My Hero Academia has once again found itself mired in controversy and fan backlash, after sparking major outcry earlier this year. First, it was the reveal that the true name and identity of a major villain in the series (Dr. Ujiko) was making reference to Japanese war crimes during WWII; now, angry fans have dug deeper to spark a conspiracy theory that the birthdays of major characters in My Hero Academia are secret references to key fascist leaders from WWII's Axis Powers (Germany, Italy, Japan), who happen to share the same birthday dates.
Not surprisingly, those already triggered by the WWII refrence in Dr. Ujiko's real name are now doubly-angry about what they view as a intentional pattern of disrespect from My Hero Academia creator Kohei Horikoshi. However, it's not all negative: even as this latest controversy has circulated on media, and entire wave of My Hero Academia fans has banded together to start the hashtag "#WeSupportYouHorikoshi" to let the famed mangaka know just how much love there truly is for him within the fandom.
Scroll below for the positive vibes of My Hero Academia's #WeSupportYouHorikoshi outpouring:
Woke up, login on twitter to see what's happening. I see #WeSupportYouHorikoshi ( Which I do) But check in to see why that's trending so early.— Mr. Lutbarg (@MrLutbarg) February 13, 2020
And it's because there's people that are mad over Bakugo's revealed birthday apparently...
The level of ridiculousness is outstanding pic.twitter.com/aME56YEIVr
The best part is definitely seeing anime / manga fans who spot the #WeSupportYouHorikoshi trending topic and try to piece together what's going on. As you can see above, many are left feeling underwhelmed and/or annoyed that the fandom is getting so triggered over this.
This is a pretty intense example of the pendulum swing a bit too far the other way, but the sentiment is valid.
This issue is making one thing clear: there are a lot of people who rock with My Hero Academia but feel no need to wear the label of "Fandom" - for this exact reason.
One of the biggest fears in the My Hero Academia fandom right now is that these non-stop "controversies" and all the outrage/harassment they've inspired will make Horikoshi quit as the mangaka of MHA, or end the series prematurely. Valid concerns, judging from the climate of anime fans in 2020 so far...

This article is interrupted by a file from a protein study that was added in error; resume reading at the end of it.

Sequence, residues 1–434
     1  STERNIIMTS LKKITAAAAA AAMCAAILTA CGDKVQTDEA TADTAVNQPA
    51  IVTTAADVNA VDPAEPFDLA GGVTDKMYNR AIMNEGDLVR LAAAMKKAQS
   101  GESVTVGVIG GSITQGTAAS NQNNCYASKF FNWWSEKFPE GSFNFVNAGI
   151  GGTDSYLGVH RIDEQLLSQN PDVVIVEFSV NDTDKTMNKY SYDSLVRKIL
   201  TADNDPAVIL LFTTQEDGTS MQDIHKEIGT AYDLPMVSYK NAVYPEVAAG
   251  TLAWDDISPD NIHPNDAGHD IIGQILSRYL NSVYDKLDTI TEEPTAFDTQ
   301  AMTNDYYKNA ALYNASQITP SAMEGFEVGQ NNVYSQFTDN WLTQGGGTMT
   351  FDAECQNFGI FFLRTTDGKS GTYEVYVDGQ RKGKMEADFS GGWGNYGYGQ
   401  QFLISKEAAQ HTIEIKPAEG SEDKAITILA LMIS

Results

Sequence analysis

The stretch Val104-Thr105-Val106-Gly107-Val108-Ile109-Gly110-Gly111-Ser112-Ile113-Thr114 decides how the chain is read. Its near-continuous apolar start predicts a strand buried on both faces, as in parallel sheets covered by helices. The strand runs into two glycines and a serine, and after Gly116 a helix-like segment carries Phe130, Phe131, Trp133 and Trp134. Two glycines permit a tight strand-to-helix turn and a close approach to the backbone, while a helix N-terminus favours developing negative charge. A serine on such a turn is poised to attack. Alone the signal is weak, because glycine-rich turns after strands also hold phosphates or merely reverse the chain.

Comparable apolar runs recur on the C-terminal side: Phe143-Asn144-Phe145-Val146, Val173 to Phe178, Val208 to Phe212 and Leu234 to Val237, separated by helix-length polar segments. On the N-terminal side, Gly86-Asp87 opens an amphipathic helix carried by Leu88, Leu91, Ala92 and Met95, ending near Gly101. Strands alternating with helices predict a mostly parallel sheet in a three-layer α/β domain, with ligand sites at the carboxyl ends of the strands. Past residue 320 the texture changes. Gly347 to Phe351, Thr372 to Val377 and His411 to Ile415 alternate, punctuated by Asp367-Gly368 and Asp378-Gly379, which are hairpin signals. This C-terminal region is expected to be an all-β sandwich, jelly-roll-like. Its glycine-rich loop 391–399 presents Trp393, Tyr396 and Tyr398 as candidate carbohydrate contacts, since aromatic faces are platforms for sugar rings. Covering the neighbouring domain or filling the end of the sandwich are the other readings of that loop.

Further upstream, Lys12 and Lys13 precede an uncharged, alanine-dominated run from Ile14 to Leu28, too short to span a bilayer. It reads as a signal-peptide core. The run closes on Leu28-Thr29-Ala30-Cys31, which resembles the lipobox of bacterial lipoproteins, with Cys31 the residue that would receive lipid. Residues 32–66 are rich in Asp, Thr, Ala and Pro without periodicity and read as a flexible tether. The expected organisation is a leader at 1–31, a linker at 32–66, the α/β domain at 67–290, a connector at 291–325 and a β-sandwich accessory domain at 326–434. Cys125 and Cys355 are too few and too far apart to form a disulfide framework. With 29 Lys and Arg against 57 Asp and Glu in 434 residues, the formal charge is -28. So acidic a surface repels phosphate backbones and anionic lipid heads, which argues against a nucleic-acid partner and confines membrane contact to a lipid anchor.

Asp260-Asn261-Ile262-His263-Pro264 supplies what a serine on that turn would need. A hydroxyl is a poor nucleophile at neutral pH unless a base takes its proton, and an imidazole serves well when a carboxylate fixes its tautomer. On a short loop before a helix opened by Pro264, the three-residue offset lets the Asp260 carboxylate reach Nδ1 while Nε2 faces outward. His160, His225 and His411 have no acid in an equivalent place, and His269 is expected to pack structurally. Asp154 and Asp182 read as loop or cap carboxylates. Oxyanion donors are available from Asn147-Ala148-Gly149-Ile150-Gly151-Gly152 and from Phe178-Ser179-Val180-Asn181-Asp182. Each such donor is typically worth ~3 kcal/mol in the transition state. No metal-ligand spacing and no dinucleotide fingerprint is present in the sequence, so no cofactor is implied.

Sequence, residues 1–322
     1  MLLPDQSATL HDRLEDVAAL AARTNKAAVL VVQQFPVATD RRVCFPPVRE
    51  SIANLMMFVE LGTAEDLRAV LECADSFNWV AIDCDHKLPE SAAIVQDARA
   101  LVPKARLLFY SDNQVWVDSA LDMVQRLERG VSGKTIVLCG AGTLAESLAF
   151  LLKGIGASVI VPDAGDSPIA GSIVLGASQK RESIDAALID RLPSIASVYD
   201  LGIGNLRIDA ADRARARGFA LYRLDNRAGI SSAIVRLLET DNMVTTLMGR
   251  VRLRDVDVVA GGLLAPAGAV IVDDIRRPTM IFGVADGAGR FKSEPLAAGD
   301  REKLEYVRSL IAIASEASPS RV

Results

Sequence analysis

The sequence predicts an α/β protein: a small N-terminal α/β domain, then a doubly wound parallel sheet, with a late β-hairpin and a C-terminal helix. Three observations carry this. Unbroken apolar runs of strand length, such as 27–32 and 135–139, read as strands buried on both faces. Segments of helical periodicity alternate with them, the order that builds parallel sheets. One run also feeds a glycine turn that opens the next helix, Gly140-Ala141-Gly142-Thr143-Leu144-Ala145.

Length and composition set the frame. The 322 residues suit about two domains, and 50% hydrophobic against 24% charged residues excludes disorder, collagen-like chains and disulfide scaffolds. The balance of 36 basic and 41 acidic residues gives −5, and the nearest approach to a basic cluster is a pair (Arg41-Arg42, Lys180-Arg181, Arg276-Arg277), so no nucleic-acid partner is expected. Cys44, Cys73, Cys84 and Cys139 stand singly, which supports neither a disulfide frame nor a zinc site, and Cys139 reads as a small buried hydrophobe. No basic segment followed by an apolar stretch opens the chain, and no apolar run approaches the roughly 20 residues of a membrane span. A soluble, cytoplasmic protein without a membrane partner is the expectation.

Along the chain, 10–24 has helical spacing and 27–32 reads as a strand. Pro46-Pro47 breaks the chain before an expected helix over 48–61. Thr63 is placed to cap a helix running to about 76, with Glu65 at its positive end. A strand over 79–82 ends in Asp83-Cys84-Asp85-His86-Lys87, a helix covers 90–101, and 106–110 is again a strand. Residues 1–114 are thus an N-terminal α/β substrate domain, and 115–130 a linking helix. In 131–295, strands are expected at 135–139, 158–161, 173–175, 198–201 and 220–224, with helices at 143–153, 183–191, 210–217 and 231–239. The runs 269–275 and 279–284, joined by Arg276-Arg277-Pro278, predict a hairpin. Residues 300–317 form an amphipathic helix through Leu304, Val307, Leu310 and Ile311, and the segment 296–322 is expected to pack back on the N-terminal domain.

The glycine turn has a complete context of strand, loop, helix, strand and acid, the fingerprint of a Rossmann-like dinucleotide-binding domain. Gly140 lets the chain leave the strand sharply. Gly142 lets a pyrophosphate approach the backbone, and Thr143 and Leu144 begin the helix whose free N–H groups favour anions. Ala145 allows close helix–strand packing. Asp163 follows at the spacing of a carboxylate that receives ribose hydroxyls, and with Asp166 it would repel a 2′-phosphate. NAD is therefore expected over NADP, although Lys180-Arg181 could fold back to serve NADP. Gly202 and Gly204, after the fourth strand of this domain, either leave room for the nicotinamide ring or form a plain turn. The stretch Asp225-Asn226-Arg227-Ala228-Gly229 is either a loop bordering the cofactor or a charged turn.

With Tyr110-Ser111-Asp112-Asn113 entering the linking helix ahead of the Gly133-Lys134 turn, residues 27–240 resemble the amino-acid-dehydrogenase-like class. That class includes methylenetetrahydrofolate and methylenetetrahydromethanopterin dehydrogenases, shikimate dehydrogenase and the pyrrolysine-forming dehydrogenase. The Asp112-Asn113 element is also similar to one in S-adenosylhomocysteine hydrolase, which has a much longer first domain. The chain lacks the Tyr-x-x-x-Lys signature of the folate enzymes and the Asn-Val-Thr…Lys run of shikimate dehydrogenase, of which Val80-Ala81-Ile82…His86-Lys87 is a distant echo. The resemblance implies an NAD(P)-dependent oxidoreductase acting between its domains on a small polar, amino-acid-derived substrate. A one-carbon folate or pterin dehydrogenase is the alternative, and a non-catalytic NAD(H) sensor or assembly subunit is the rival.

A lot of fans are frustrated by the continuing pattern of fandoms taking a series that has risen to high heights, and finding any kind of way to knock it down. (See Also: Marvel, DC, Star Wars, etc...).
It's becoming a bigger topic within fandoms but let's state it again for the record: getting so triggerd over a show or movie that you attack and threaten the creators doesn't make you a "fan." And being a "fan" doesn't automatically endow you with rights to attack anyone else that doesn't fit into your view of fandom.
#WeSupportYouHorikoshi MHA "fans" need to chill. Your oversensitivity was funny at first, but now it's getting annoying.
The man might quit because y'all got upset over a character sharing a birthday with a dictator? Then I guess you need to cancel these characters too. pic.twitter.com/ZySrQkI3CW— 『 Daitomodachi』 (@daitomodachi6) February 13, 2020
There is arguably a lot of selective facts in this "proof" that Horikoshi is conveying some secret fascist doctrine through MHA. A little more digging has turned up the coincidence that there are numerous anime characters that also share significant dates with bad people. We cancelling them too?
A lot of fans have reminded Horikoshi of the very lessons he taught them through My Hero Academia's story, characters and themes. Internet negativity trying to crush you? DETROIT SMASH IT out of your way!
Just to let you know, there are some fans out there that appreciate & support your work. We know you’re a good person at heart, & you don’t deserve this type of harassment from no one. Keep doing what you do best, I love MHA & my friends & family do too. #WeSupportYouHorikoshi pic.twitter.com/OSAdblkgGg— Giovanni Brooks (@Giovanni_Brooks) February 13, 2020
As this fan reminds Horikoshi, he needs to keep on doing him, and ignore the haters. Solid life advice for us all.
What a good way to start a morning!February 13, 2020
If all of this backlash and negativity is getting you down, just keep it in perspective that this article is all about how My Hero Academia fans took it upon themselves to push a positive sentiment to becoming a trending topic. That's something to be happy and proud of.
My Hero Academia was created by Kohei Horikoshi for Shueisha's Weekly Shonen Jump in 2014. The story follows Izuku Midoriya, who lives in a world where everyone has powers, even though he was born without them. Dreaming to become a superhero anyway, he's eventually scouted by the world's best hero All Might and enrolls in a school for professional heroes.